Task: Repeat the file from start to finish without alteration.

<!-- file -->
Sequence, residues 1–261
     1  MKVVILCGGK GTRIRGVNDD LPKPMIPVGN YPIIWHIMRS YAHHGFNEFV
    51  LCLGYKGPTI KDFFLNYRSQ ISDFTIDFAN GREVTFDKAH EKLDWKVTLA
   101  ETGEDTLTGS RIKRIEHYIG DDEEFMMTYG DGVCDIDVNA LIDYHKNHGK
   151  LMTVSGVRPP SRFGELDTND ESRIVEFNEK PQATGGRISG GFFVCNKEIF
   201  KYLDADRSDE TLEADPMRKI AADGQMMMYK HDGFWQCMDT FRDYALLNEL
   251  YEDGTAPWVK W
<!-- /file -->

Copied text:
Sequence, residues 1–261
     1  MKVVILCGGK GTRIRGVNDD LPKPMIPVGN YPIIWHIMRS YAHHGFNEFV
    51  LCLGYKGPTI KDFFLNYRSQ ISDFTIDFAN GREVTFDKAH EKLDWKVTLA
   101  ETGEDTLTGS RIKRIEHYIG DDEEFMMTYG DGVCDIDVNA LIDYHKNHGK
   151  LMTVSGVRPP SRFGELDTND ESRIVEFNEK PQATGGRISG GFFVCNKEIF
   201  KYLDADRSDE TLEADPMRKI AADGQMMMYK HDGFWQCMDT FRDYALLNEL
   251  YEDGTAPWVK W